The thing is, Lola is so extra and so over-the-top that these characteristics never really seem to be taken seriously. Even though we are in Lola’s head, it is very clear that she is not always right – most of the time, she really doesn’t know what she’s talking about, or she rambles herself into a corner as far removed from any rational notion of reality as Deadwood is from New York. The writing style of Lola’s inner dialogues mimics her histrionics, and at no point is her perspective presented as objective or rational. And that’s not what Lola is about. Objectivity and rationality have no space in the frame of this flawed, lying teenager who neither realizes her own flaws nor really feels bad for lying (only for getting caught). Lola might think everybody else is shallow and unimaginative, but we as readers realize that when a person who honestly wears a cape to school says something like this, we might not have to take it quite so seriously.

Lola might not be a character you like, but you definitely root for her. Even though she portrays her own wishes as life-or-death-issues, the passion with which she works on achieving her dreams is inspiring, and it does make you want her to succeed. You might not like her, but you care about her, and that makes the whole book so enjoyable, and also so frustrating when things don’t go her way.

Then of course, there is Ella, Lola’s side-kick and best friend. She is a ‘good girl’, she does her homework when she is supposed to, she doesn’t disobey her parents, she doesn’t lie. But even though Lola describes her as quite a pushover at the beginning, Ella might have the most character development of anybody in this book. Beneath the veneer of a mousy goody-two-shoes, a strong young woman emerges who stands up for her friends even in the most dire situations, who can handle crises so well that even Lola is impressed, and who, finally, forces Lola to see the errors of her lying ways by calling her out on her bullshit. Or well, at least she forces her to admit that she was lying and to stop doing it. I don’t think Lola will ever understand why lying is bad, but her love for her friend is strong enough to at least try. And Ella is really worth this love. Ella is the total opposite of Lola, and through her, the reader is made even more aware of just how wrong a lot of Lola’s behavior is.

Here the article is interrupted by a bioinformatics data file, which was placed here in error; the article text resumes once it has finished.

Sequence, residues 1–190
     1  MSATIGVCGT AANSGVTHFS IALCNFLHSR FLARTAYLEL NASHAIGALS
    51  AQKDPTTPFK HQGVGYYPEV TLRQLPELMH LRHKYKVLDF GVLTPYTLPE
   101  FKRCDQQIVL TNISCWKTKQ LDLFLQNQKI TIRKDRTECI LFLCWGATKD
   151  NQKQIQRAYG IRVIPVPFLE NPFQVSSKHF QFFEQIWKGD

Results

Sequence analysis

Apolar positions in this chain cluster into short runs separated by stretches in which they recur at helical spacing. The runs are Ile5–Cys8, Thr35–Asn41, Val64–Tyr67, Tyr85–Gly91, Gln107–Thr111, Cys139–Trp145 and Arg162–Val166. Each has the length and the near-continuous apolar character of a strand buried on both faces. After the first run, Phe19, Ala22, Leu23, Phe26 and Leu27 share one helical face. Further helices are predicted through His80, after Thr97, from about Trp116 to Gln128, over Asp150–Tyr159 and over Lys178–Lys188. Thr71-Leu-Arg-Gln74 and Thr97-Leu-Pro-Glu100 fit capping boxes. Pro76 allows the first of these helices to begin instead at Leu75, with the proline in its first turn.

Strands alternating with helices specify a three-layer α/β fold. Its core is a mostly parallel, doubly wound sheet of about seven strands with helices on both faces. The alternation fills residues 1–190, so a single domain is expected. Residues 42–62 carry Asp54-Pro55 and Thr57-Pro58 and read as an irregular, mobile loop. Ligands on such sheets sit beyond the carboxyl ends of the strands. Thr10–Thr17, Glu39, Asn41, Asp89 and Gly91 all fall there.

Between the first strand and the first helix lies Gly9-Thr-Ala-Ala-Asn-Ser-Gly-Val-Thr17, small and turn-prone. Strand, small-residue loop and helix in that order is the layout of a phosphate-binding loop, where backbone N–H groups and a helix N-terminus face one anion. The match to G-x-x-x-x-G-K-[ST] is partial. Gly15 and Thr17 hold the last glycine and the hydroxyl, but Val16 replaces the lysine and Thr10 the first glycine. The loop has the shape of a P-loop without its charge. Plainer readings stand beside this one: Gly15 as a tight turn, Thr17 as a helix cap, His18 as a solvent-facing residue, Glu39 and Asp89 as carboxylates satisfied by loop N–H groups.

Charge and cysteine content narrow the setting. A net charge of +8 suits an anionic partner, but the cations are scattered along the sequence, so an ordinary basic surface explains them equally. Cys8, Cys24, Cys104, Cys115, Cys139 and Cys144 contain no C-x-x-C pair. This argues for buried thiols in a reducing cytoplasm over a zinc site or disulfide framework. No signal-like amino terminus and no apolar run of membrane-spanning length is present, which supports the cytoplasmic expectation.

An over-the-top protagonist like Lola needs an over-the-top villain if there is to be any acceptable conflict, and Carla Santini definitely qualifies. I would even go so far as to say that Carla Santini might be one of the best villains I’ve read in YA. She is an awful person, an aggressive queen bee, the type of person who makes fun of people because they’re different and because they don’t defer to her like a knight to his liege. She knows how to find other people’s greatest weaknesses, and she knows how to exploit them. She always gets what she wants, and if she doesn’t get it, then of course she didn’t want it in the first place.